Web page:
Friday , January 22 2021

How to prepare for the next crisis? Introduce the euro!

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In any case, we do not suffer from economic crises, there is one – sometimes more – almost every decade (for example, in the last thirty years there have been at least 5-6 crises that have also affected the Hungarian economy). Let us not doubt that the next crisis in the 1920s could be faced after the crisis with the crown. Unfortunately, this is inevitable.

What will be the cause of the next crisis, and thus its nature, is impossible to predict exactly today. However, for any crisis, these are side effects that recur one after the other. In financial markets, investors then become cautious, risk averse, try to avoid their money in safe investments, and the demand for riskier financial instruments declines. Currencies in emerging markets usually depreciate. Hungary still belongs to this group with a higher risk on the map of investors.

The first striking symptom of the economic crisis is the weakening of the forint – now and in the past (Chart 1). The weaker forint causes higher inflation and relative wealth loss for the majority of Hungarians. Both rapid and unpredictable course changes are a problem in business planning. In such cases, central bank interest rates also rise, making corporate lending more and more expensive. This, in turn, discourages investment and consumption. like that financial crisis related to economic crises results in significant additional social assistance losses.

Exchange rate EUR / HUF

The above scenario obviously does not sound good. The main interest of Hungarian citizens and companies operating in Hungary is a stable exchange rate and low interest rates. But as long as Hungary belongs to the group of emerging countries and has an independent currency, economic policy cannot provide both at the same time. Certainly not in the next crisis, but it is very likely that in the inter-crisis period of rest.

Now the domestic interbank interest rate is five times higher than in previous years (0.75%) – it is true that from a historical perspective it is not high. Due to the perhaps ingenuity of the MNB, the increase in interest rates is not reflected in the prices of new loans, and the average interest rates on home loans, personal loans (especially) and corporate loans are slightly lower this fall than last or last year. But in the meantime, the exchange rate of the euro was 365 forints, while last year it was 330. However, it hurts many.

On “Impossible threesome” one of the basic principles of the university’s international finance courses. That’s what it’s about the triad of an open capital market, a stable exchange rate and an independent monetary policy cannot be achieved simultaneously. One should give up for the sake of the other two. In the case of Hungary, open capital markets are a gift that cannot be said to be no. Thus, the choice is between a stable currency and an independent monetary policy. The domestic example illustrates well the truth of the “impossible trinity” theorem. In recent years and this year, we have had an environment with low domestic interest rates, which supports investment and economic growth, and an unpredictable but substantially weakening forint. In previous periods, the relative stability of the exchange rate was typically high, ie. in conditions of domestic interest rate that did not support economic growth. Good news for that there is a way out of this situation in a trap. Eurozone membership also provides a stable (fixed) exchange rate and a consistently low interest rate, which is lower than in Hungary. However, the issue of the introduction of the euro has been left out of the current issues of domestic economic policy.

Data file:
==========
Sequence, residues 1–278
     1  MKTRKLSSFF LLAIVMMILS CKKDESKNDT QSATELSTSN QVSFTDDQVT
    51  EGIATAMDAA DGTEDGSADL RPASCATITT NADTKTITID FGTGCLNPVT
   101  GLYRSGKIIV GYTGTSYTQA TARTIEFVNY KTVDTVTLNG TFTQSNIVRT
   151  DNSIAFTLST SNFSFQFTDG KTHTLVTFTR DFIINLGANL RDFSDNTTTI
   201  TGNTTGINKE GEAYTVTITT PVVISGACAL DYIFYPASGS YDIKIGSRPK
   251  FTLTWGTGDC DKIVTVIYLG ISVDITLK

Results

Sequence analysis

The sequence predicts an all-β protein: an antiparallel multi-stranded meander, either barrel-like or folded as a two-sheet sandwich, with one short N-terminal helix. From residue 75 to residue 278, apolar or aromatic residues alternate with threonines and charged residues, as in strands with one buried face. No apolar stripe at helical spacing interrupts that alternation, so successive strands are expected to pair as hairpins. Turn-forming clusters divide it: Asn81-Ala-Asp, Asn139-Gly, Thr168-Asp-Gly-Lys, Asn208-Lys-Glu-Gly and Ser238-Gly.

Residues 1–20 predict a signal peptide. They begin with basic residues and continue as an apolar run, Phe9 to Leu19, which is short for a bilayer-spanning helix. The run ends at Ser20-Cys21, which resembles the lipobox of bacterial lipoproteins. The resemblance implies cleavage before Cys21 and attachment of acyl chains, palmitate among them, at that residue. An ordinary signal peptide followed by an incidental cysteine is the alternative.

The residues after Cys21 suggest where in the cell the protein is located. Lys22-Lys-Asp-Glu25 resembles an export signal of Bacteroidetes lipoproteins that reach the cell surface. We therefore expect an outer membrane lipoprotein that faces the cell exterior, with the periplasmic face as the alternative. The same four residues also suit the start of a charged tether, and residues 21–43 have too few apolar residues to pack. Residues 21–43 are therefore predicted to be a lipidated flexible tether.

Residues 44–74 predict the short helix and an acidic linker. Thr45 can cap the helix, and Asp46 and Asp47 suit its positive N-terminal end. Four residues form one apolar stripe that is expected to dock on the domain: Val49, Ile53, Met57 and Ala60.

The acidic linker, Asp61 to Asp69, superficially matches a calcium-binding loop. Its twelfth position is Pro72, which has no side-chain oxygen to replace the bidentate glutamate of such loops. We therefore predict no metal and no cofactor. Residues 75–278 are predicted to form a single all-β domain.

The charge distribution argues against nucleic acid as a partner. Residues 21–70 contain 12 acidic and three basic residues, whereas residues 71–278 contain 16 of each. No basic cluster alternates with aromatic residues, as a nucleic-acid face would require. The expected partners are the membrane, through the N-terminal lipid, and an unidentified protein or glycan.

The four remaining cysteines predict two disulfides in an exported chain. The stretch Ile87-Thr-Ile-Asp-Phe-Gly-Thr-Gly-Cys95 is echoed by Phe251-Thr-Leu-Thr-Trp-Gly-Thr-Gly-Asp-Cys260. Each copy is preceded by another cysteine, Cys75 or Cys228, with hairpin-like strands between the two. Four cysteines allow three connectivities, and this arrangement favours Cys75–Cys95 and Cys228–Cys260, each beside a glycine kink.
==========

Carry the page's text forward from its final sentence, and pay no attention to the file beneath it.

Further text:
It is common to argue against the introduction of the euro that The interest rate policy set out in Frankfurt may not be ideal for a Hungarian economy with peripherals, attractiveness and special features. However, in my opinion, the environment with low interest rates in the euro area and the programs for buying funds in the euro area provide more effective protection in a crisis than we can create ourselves. However, even out of crisis. The other argument is against the introduction of the euro the danger of fixing the exchange rate is about that competitiveness management tool through forint devaluation in this case definitely we lose. There are many desirable ways to improve competitiveness. These would include, for example, a society of educated and healthy people, a strong institutional system, a high degree of social trust, a high rate of investment and support for innovation. I could not list the devaluation of the forint with a good heart. Interpreted with Slovakia’s past 12 years of eurozone membership and the step-by-step representation it presents, and even the example of the Baltic states it is difficult for me to consider the above objections to be justified.

In addition to open capital markets, the introduction of the euro is accompanied by a stable (fixed) exchange rate and low interest rates. Like that As a member of the eurozone, neither rising interest rates nor the depreciation of the domestic exchange rate would cause a loss of social assistance for Hungarian society in the next crisis. The interpretation of the phenomena experienced during the current crisis provides an opportunity for Hungarian economic society to put the topic of the introduction of the euro in Hungary back on the agenda and for Hungarian economic policy leaders to reconsider Hungary’s official position on the introduction of the euro. I think this can be one of the positive benefits of coronavirus.

This article reflects the views of the author and does not necessarily reflect the views of the Portfolio Editorial Board.

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